Samsam ransomware gathered headlines in March of this year. It differentiated itself from other similar attacks by its method of propagation: Rather than load itself via a poisoned macro attached to an email, Samsam spread through infected servers.
Experts even believe that Samsam was behind the ransomware attacks on a Baltimore hospital in March. But there’s more to this threat than meets the eye.
A Look at the Ransomware Attacks
Talos noticed that this malware had certain characteristics. Samsam first breaks into one server and is sophisticated enough to proliferate across the network by finding targets that run Windows. It sneaks into that first foothold without the need for an individual to click anything.
JBoss is one application server that Samsam likes to exploit. Although it was originally developed by the open source community, it is now available in a commercial flavor, as well. JBoss is written in Java and can host business components developed in Java.
JexBoss, an open-source verification tool for finding JBoss vulnerabilities, is a great aid in allowing SamSam ransomware attacks to infect JBoss. JexBoss can drill into the JBoss server for the malware.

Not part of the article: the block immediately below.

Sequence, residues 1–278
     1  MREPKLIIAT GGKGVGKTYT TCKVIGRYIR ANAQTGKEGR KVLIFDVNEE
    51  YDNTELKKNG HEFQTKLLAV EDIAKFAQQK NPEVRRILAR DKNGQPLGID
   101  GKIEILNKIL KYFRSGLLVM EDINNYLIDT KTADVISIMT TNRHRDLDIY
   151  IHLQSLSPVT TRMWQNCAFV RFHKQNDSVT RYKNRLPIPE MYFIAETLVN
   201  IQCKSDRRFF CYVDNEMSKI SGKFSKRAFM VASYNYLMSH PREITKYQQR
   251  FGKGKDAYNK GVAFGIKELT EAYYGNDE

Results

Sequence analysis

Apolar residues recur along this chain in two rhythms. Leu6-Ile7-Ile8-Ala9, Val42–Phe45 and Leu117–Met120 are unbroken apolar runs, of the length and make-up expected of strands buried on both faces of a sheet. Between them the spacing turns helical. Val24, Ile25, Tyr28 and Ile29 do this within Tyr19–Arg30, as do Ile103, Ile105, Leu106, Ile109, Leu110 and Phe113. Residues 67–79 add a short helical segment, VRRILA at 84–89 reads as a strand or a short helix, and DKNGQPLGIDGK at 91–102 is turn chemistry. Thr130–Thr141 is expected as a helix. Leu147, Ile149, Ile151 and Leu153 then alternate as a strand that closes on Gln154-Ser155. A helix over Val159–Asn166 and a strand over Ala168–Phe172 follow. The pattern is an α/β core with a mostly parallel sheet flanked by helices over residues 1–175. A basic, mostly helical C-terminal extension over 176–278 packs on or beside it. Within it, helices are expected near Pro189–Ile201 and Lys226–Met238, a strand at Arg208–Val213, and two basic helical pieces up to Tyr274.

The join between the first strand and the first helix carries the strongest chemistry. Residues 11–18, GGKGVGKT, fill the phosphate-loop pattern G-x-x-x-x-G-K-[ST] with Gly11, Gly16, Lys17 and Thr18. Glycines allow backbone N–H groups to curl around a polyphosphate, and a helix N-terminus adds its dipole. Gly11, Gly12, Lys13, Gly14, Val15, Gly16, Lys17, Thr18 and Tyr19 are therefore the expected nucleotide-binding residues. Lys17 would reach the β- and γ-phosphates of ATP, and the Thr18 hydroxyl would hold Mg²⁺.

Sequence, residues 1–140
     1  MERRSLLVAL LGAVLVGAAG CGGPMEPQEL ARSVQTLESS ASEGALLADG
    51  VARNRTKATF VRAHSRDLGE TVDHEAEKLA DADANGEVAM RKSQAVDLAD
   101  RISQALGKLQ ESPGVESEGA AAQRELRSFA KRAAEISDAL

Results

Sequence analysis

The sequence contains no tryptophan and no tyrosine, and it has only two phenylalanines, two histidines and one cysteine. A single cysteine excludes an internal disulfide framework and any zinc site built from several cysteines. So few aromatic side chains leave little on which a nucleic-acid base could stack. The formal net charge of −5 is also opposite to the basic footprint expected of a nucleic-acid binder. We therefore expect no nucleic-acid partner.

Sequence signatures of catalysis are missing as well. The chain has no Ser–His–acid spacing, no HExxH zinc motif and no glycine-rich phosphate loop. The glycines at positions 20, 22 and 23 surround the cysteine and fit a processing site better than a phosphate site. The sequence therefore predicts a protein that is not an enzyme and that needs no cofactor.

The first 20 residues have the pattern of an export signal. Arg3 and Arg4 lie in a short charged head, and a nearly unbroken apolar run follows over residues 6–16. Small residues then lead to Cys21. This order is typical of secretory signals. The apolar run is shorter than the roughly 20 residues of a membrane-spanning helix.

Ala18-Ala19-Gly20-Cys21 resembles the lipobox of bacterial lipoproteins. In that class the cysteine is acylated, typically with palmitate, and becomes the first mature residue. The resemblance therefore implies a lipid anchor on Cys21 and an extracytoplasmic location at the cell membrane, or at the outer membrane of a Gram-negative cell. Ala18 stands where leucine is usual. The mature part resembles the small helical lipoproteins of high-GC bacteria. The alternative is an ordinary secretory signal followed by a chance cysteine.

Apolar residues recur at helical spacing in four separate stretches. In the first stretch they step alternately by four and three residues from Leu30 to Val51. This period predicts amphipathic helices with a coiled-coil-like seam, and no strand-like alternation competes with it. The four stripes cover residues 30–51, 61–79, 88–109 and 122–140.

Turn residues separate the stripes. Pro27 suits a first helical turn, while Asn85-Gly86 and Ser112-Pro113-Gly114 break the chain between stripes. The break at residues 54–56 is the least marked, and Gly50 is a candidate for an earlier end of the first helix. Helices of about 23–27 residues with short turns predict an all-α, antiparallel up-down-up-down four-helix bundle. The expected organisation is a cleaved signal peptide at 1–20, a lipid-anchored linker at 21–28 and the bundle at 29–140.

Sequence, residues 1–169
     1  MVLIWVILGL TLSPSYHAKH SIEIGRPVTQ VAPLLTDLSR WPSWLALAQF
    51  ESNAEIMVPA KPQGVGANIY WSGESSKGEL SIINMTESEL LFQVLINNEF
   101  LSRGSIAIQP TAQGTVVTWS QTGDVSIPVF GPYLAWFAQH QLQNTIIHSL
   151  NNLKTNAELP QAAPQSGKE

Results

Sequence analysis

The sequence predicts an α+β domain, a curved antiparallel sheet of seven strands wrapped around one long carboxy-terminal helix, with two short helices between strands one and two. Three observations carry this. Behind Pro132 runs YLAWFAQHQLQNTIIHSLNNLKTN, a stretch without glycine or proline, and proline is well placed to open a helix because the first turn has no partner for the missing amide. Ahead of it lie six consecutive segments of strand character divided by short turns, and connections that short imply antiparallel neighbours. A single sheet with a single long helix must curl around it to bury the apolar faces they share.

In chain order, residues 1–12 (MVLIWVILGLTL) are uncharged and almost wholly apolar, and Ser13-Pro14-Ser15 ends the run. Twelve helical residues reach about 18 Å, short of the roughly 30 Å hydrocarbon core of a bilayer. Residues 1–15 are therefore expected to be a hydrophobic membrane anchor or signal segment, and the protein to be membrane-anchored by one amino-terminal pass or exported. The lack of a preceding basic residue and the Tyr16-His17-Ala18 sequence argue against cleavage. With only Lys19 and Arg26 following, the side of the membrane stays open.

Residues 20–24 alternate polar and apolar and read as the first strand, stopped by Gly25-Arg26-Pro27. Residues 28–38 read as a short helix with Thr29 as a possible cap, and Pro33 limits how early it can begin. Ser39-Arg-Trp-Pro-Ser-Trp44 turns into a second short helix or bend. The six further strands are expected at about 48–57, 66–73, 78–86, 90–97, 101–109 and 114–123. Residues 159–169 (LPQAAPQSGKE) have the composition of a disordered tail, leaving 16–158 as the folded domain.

Talos found another tool, a component of REGeorg called tunnel.jsp, to be an infection vector for Samsam. REGeorg is an open-source framework used to create socks proxies for communication.
A Talos scan discovered roughly 3.2 million machines were at risk by running unpatched versions of JBoss. The company also looked for already-compromised machines on which ransomware could be deployed.
It found more than 2,100 backdoors across 1,600 IP addresses associated with governments, schools, aviation companies and other types of organizations. Some of these may have been victims of other malware campaigns.
Talos’s conclusion about the findings bears repeating. “With around 2,100 servers affected, there are a lot of stories about how this happened,” the blog stated. “But a consistent thread in them all is the need to patch. Patching is a key component to software maintenance. It is neglected by both users and makers of the software far too often. Failures anywhere along the chain will ensure that this type of attack remains successful.”
While Talos recommended that external access to all servers that show signs of compromise be immediately removed until restoration can be performed, that’s only a stopgap measure. Mediation of the problem will be an ongoing process, ensuring that all systems are checked regularly and all patches applied to stop the ransomware’s spread.